Police, prosecutors, and judges take a charge of domestic violence very seriously. Once you’re charged with assault and battery on a family or household member, your name is entered into a domestic violence database. The only way to remove your name is by a dismissal or an acquittal following a trial. In Massachusetts when a person is charged with “Domestic Violence” (Assault and Battery on a Family or Household Member), they are charged pursuant to Massachusetts General Laws Chapter 265 § 13M.

In order to prove assault and battery on a household or family member the prosecutor must prove four things:

  1. That you touched the alleged victim without having any excuse or right for doing so;
  2. That you intended to touch the alleged victim;
  3. That the touching was either likely to cause bodily harm to the alleged victim or was offensive and done without his/her consent and;
  4. That you and the alleged victim were family or household members.

A “Family or Household Member” means people who:

  • Are or were married to one another;
  • Have a child in common; or
  • Are or have been in a substantive dating relationship or engaging relationship.

Once the police are involved, it is very difficult to obtain a dismissal of the charges. In many cases the alleged victim, wife, or girlfriend unwittingly places a call to police with no intent on charges being filed. However, once a defendant is charged with the crime of domestic assault and battery the prosecution will very rarely drop the case. The case then becomes the Commonwealth of Massachusetts versus the person being charged, and the victim has little to no say in whether the prosecution continues.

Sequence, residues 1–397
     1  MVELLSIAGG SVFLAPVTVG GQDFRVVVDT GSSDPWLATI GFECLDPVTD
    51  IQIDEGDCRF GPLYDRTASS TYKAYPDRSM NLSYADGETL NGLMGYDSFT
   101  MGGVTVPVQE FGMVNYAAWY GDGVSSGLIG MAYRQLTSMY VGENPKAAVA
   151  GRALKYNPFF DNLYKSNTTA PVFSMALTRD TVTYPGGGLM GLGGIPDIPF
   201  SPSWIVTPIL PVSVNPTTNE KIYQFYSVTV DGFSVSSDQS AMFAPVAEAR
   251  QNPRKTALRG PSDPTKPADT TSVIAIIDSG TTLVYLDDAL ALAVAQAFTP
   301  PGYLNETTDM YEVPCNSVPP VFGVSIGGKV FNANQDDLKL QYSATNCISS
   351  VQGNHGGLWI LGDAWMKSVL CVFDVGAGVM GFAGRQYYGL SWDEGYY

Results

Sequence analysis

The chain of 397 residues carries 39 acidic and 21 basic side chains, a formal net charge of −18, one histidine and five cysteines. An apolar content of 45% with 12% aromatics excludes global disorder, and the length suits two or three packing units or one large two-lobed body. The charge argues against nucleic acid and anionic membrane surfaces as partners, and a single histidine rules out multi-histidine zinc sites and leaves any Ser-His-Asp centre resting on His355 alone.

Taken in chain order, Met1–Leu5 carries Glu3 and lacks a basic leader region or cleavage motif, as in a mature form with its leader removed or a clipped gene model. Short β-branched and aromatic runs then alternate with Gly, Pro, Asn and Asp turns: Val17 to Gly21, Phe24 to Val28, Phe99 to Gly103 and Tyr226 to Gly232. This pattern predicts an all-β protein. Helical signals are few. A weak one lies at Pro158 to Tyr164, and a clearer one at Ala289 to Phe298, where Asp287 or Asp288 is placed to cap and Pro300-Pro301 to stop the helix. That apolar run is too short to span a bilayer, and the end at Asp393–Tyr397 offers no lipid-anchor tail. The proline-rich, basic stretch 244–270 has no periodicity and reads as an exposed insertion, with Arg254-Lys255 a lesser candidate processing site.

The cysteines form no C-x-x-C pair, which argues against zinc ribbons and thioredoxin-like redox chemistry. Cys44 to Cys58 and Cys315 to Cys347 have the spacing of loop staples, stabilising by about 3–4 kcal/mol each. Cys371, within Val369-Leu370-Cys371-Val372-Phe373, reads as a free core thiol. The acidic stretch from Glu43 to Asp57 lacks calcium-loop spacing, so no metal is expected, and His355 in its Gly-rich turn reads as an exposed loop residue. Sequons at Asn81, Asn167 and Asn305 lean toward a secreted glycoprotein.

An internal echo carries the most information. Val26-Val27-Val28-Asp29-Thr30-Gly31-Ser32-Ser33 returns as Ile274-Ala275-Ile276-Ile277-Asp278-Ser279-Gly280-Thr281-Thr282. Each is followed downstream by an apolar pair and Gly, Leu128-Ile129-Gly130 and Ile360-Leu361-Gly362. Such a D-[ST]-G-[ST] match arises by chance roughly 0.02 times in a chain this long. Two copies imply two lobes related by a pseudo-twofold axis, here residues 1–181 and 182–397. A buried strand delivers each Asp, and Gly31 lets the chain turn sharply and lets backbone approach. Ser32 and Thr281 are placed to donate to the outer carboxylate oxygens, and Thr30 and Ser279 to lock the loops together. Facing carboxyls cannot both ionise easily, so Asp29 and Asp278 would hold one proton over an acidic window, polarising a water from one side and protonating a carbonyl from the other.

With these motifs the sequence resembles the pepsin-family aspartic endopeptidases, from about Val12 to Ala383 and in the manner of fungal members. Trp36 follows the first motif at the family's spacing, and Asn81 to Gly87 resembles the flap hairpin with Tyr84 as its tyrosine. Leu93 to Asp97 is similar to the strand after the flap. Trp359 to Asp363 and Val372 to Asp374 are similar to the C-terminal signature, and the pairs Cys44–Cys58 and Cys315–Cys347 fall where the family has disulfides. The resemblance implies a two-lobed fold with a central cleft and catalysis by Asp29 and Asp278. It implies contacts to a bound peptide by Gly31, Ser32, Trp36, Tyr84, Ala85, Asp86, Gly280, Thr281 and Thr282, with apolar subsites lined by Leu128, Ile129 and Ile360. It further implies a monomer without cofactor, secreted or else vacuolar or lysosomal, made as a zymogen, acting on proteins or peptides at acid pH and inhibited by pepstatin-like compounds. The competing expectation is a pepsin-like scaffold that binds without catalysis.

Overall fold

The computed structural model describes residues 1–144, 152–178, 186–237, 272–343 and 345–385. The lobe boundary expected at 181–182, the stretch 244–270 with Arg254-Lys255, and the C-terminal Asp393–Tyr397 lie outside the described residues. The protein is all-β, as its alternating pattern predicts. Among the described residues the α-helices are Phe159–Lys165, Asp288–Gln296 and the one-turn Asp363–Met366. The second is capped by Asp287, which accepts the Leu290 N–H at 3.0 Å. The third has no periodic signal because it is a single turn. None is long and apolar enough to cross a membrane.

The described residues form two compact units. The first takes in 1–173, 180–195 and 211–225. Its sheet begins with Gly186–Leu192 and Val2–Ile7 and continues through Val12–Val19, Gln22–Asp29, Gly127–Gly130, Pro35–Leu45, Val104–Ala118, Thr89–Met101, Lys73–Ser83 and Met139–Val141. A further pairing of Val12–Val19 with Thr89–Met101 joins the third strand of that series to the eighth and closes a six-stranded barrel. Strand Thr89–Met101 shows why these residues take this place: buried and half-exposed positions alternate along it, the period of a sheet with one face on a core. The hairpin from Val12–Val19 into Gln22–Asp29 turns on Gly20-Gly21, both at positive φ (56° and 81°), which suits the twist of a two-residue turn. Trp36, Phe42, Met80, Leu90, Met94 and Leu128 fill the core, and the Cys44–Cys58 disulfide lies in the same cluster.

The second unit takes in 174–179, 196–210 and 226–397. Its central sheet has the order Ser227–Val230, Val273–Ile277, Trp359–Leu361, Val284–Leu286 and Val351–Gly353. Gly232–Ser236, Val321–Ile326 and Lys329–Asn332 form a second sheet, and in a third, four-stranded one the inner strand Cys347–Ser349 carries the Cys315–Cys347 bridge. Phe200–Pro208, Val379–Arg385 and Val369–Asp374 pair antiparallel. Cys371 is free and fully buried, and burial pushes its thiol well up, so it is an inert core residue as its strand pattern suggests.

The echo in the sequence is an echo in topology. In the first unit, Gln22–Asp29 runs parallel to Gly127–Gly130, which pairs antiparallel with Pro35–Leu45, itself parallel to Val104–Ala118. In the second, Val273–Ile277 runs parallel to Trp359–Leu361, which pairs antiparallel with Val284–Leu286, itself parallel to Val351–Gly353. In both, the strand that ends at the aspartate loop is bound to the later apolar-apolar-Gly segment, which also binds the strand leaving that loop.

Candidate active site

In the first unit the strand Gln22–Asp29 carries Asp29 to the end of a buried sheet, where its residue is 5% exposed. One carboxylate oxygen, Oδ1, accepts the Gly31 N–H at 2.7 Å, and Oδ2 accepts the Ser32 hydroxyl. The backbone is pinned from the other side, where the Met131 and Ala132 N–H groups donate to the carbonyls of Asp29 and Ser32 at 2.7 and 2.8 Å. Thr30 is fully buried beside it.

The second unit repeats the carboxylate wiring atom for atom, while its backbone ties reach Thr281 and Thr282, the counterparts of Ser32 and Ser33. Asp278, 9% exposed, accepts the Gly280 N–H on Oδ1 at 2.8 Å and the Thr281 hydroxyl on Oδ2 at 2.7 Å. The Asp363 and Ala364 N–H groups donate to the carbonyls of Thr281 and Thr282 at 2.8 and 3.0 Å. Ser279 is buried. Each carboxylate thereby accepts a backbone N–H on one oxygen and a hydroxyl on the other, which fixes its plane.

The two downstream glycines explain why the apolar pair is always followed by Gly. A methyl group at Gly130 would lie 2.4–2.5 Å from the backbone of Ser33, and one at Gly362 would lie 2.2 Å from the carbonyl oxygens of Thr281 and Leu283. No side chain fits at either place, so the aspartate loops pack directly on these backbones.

A misdemeanor charge of domestic assault and battery in Massachusetts carries with it a maximum potential penalty of 2 ½ years in the house of correction and/or a fine up to $1,000. For a Subsequent charge a defendant can face up to 2 ½ years in the house of correction or 5 years in prison and/or a fine up to $5,000.

For any violation of the statute or as a condition of a continuance without a finding, the court shall order the defendant to complete a certified batterer’s intervention program unless, upon good cause shown, the court issues specific findings of fact describing the reasons that the batterer’s program should not be ordered or unless the batter’s intervention program determines that the defendant is not suitable for intervention.

Upon accepting a plea, or a continuance without a finding, a common condition of probation usually includes one of the following:

Anger Management program which typically lasts for 16 weeks;

Certified Batterer’s program which typically lasts for 40 weeks.

A Domestic violence charge carries jail, fines, a criminal record, and a negative stigma all of which can have lasting significance. If you have been charged with a criminal offense it is important to talk with a skilled professional. JD Molleur Law has the knowledge and experience that will ensure that you fully understand your rights and options and we will be with you every step of the way. We can be reached at 508.579.8333. Alternatively, you can call us 24 hours a day 7 days a week at (508) 579-8333. You can also email us at We will provide a timely response no matter when you call.

This information does not constitute legal advice and is written for general information purposes only. Individuals should consult with a lawyer for specific legal advice.

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